"met de voeten spelen" translated word by word means "playing with the feet" ... not sure if that is used in English. The dutch expression means that one is teasing an other (one is playing with the feet of the other)

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    bewitched is the term when you have cast a spell onto a person.

    A spell in dutch is generally known as spreuk

    For "met de voeten spelen" is a bit harder... it would be easier if you gave the context, because it can vary a bit :)

    Pulling an ear could be a case, but then you could use it as stalling and then that would not work

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  • cast a spell ... that's what I was looking for.

    I thought it was "throwing a spell", but apparently not.

    So, can I say (the gnome asking the fairy) "Has the witch never tried to cast you a spell?"

    Another translation issue.

    The witch does smell the gnome, but to her the scent is disgusting (it stinks), we have a word for that =stank, but Bablefish does translate that into "fetidness".

    I just want some everyday word to indicate a disgusting odor.

    OK, the "playing with the feet context"

    The fairy tells the gnome that she regularly goes to the witch to play with her.

    The gnome of course surprised that the fairy would be playing with the witch ... but she only plays with her feet ... the fairy teases the witch so badly that she (the witch) gets upset and hangry.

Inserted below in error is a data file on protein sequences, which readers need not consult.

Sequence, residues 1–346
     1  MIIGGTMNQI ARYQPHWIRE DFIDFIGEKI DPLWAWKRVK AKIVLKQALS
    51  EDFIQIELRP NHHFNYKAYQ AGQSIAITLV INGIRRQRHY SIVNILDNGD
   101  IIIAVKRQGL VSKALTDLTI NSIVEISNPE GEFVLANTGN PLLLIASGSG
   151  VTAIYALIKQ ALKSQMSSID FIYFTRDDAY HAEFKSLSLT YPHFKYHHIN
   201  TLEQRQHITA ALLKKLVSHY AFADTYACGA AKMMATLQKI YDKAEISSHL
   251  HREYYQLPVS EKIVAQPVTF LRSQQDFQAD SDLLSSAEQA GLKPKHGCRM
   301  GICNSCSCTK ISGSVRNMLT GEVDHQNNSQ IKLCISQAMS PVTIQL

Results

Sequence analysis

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    Personally I find google language tools a little better than babelfish but they're not wildly different.

    Gnomes are fabled to live underground so that would only suitable if that's what you have in mind. Alternatives, depending on their habitat, might be 'fairy [fairies]', 'elf [elves]' 'nymph [nymphs]', 'goblin [goblins]', 'troll [trolls]', 'dwarf [dwarves]'.

    Aside from the difficulty of conceiving of a 'village' underground, 'gnome village' should be fine but it doesn't quite feel right. Gnome Warren perhaps? No, still not right.

    Nothing wrong with 'playmate' either, despite Hugh Heffner connotations. Possible alternatives "best friend", "bosom buddy".

    Bosbewoner? Woodman? Someone who lives or works in the woods. A hunter or woodcutter.

    Ahzo? Very like "Ah so". (something like "I see" or "OK, like that" or "OK, I understand") Yes!

    For "oei" a direct (British English) equivalent would be "oi". The suggestion of "woops" I think should read "whoops" or "oops".

    Slippery stuff words!

    'fairy tale forest' is good.

    In English we might talk of someone 'casting a spell' on someone.

    "met de voeten spelen" "pulling someone's leg".

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  • Ok for "pulling a leg" ... I'll need to slightly modify the dialog to match with the expression.

    The gnome is actually not living underground, it's more of a specie that lives in dead tree trunks and large mushroom, so definitely not underground ... the fairy is known here as an elf, so I can't use elf for the gnome. It's a gentle gnome so goblin and troll is probably not appropriate ... maybe dwarf would be better then.

    Yes, it's the Hugh Heffner connotations that makes "playmate" sound a little out of context here ;-)